As 2011 comes to a close, it may be remembered as the "year of the hack." This morning, we learned of an attack on Christmas day that compromised an information security firm, supposedly putting at risk information from the Department of Defense and allegedly exposing 90,000 credit card numbers. This is only the latest in a year that has had one profile attack after another. For a review of some of the year's high profile hacks, click here. In addition to hacking and data breaches, 2011 also saw a large scale outage from a well-known cloud services provider, disrupting businesses using the service.

If you think your business is not at risk, think again. Reflect on how central computers and IT have become even to "old fashioned" businesses. I can remember practicing law without a computer in my office. In those days, you relied on a dictaphone or even a legal pad to compose letters and write legal briefs, and, although our assistants had computer terminals for the mainframe, the good old IBM Selectric typewriter was there in case of a computer failure. Lawyers just a few years older than me can remember when there were no computers, and copies of letters were actually produced on carbon paper.

Law is not considered a particularly high tech profession, but those days are long gone. We are now completely dependent on our computers and computer networks. The vast majority of communications are by email. Court filings are either exclusively electronic in the federal courts or are gradually going that way in the state courts. Most law firms have dispensed with law libraries and now rely on computer services such as Lexis/Nexis and Westlaw.

If this is true for a somewhat stodgy profession such as the law, it is true for just about every business. Computers and the Internet have become to most of us in business what a hammer and saw are to a carpenter: Key tools that are necessary to get anything done. Even for those of us who remember doing things the old way, there is no going back. Steve Jobs and Bill Gates aimed to change the world, and they did.

Despite the importance of computer systems and IT to businesses, many businesses have not taken basic steps to secure their information, much less prevent against outside attack. Tough management that asks the right questions and implements the right policies and procedures will help minimize the risk. The IT security professionals that I have spoken to stress that the vast majority of incidents they see -- resulting in data loss, trade secret theft, or system failure -- could be prevented by better procedures.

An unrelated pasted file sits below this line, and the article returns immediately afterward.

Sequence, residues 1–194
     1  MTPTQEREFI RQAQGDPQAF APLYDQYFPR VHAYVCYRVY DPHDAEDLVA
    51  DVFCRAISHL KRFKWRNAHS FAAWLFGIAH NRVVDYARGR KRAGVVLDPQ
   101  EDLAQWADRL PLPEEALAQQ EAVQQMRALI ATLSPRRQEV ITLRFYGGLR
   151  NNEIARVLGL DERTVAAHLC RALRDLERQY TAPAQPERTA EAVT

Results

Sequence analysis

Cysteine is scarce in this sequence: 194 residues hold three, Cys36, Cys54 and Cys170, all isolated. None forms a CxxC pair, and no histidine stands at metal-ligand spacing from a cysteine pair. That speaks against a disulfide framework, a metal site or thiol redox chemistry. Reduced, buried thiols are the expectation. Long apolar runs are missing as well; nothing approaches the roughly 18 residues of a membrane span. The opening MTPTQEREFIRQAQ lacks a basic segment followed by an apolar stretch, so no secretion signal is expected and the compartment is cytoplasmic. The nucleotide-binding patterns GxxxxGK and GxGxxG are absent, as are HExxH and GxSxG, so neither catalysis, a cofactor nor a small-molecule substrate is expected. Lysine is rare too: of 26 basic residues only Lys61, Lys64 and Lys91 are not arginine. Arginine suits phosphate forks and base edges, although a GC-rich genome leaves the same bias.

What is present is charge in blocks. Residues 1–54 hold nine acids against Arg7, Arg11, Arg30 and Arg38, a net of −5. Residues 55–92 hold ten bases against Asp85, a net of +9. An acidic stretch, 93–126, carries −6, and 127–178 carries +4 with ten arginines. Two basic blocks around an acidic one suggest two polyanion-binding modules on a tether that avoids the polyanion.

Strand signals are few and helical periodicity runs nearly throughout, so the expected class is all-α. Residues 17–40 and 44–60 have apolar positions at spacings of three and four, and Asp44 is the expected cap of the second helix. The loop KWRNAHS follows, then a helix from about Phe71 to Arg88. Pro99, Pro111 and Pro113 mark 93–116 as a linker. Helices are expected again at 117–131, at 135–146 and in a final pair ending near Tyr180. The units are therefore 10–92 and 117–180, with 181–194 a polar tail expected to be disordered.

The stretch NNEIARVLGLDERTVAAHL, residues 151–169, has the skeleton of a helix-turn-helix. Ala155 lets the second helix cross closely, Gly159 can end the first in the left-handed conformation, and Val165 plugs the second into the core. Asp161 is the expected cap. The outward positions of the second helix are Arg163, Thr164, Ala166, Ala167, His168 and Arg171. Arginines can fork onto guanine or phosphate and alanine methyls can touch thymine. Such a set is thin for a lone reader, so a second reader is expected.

If your company has outsourced, for example, to a cloud services provider, it needs to know what the services provider is expected to do in the event of an outage. If the cloud provider goes down, your business may go down with it. You need to understand the risks. Hint: Most form terms and conditions from providers limit any meaningful liability.

No matter what steps are taken, however, businesses will remain at risk for data loss and hacking. The costs associated with a data breach can be staggering. If you think your insurance will protect your business, you may be in for a nasty surprise. As the New York Times recently pointed out, insurers will try to avoid coverage for data loss and data breach under most conventional policies. As the article also points out, insurers are responding to the need by making new policies available that provide coverage.

If your business has not considered these issues thoroughly, what should you do? Start with the following:

1. Do a thorough review of your IT policies and procedures. If you use a cloud provider, understand what the contract provides and what the provider will do in the event of an outage. Consider engaging counsel and an IT security expert to help assist. This is not an area I am an expert in IT policies and procedures, but have followed this area closely. If you need help, contact me and I will put you in touch with one of our firm's experts or an outside expert.

2. Review your existing insurance coverage and consider purchasing insurance for added protection. This is not an area that you want to trust to a small time agent who mainly writes auto policies. There are many different products out there and they all cover different things. You need to consult with an expert in the field. If your business is at all complex, you may also want to involve coverage counsel in reviewing your company's situation. Again, if you need help, feel free to contact me.

3. If you have a breach or a data loss, you still may have coverage even if you have not purchased special insurance. Although insurers who write commercial general liability policies have tried to limit coverage for such losses, an experienced coverage lawyer may still be able to help. It depends on the type of loss, the policy, and the jurisdiction. In addition, some policies contain endorsements that may provide at least some level of coverage. Note: I am not suggesting that you simply take a chance and assume your existing coverage may be adequate. You should still review it. However, if you do have a loss, as always, do not believe your insurer's statement (or your agent's statement) that there is no coverage until you consult with an experienced coverage attorney. Again, if you need help, contact me and I will try to assist.

We live in a world that has become dependent on computers and the Internet. Although technology changes and opens new opportunities, human nature and human fallibility does not change. Anything that is made by human beings can fail and there will always be crooks and rogues among us looking to steal and disrupt. As always, the rest of us have to adapt and be vigilant.